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A Decision on Student Loan 'Forgiveness' Coming Soon

AP Photo/Susan Walsh

President Biden will soon decide on “canceling” up to $10,000 in student loans for millions of borrowers as the Aug. 31 deadline nears, when loan payments are scheduled to begin again after a pause implemented to help young professionals cope with the pandemic-related economic downturn.


Internal White House discussions are considering extending the pandemic-related pause in addition to canceling $10,000 for millions of borrowers below a certain income threshold, according to The Washington Post.

The issue has divided Democratic lawmakers and policy experts influential with the administration, putting Biden in a spot in which he is guaranteed to antagonize some supporters. Advocates say the president should fulfill a campaign promise to alleviate the large debt burdens of millions of young Americans, and critics say that could exacerbate inflation while mostly benefiting high-income college graduates who do not need assistance. Administration officials must choose between canceling substantial debt — potentially giving Republicans a new talking point ahead of the midterm elections — and infuriating young voters and racial justice organizations whose support they also need at the polls.

Officials have studied for months whether canceling student loans could alienate voters who had already paid theirs off, and polling results have been mixed, said a third person familiar with the matter, who also spoke on the condition of anonymity to reflect private conversations. White House officials previously discussed limiting debt forgiveness to Americans who earned less than $150,000 in the previous year, or $300,000 for married couples filing jointly. One person familiar with the matter said those thresholds had not changed, although implementing those caps in practice could prove complicated.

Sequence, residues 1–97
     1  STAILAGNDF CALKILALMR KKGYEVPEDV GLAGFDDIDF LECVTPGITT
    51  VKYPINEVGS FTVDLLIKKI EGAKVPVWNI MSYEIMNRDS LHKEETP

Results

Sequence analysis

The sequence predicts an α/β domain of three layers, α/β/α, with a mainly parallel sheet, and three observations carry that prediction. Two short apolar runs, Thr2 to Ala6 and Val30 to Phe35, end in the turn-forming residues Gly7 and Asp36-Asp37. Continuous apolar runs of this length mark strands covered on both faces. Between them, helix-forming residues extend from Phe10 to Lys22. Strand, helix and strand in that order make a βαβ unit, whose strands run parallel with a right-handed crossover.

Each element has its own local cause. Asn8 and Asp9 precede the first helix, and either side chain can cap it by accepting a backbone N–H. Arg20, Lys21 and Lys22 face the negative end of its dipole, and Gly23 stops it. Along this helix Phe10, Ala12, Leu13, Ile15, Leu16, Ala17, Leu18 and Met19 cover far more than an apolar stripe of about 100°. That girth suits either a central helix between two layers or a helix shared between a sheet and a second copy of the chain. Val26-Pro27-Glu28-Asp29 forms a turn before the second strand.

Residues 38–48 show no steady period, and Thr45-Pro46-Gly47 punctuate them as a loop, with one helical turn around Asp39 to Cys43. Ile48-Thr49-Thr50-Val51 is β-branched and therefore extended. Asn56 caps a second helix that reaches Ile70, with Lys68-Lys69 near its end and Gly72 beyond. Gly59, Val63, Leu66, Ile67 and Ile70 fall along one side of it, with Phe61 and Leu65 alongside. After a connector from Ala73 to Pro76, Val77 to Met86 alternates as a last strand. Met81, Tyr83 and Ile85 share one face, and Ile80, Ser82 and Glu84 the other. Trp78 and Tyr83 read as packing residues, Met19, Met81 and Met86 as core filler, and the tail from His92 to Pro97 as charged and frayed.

White House aides scrambled to prepare a student debt forgiveness policy in May. Those plans were put on hold amid negotiations over Democrats’ economic agenda with Sen. Joe Manchin III (D-W.Va.), and the repeated postponements have exasperated supporters of cancellation. The measure is expected to apply only to undergraduate debt, and Democratic officials have discussed further restricting eligibility to attendees of state schools. (WaPo)


Critics say the plan bails out the wealthy at the expense of the working class, and will worsen inflation - a concern shared by nearly 60 percent of Americans, according to a new CNBC poll.


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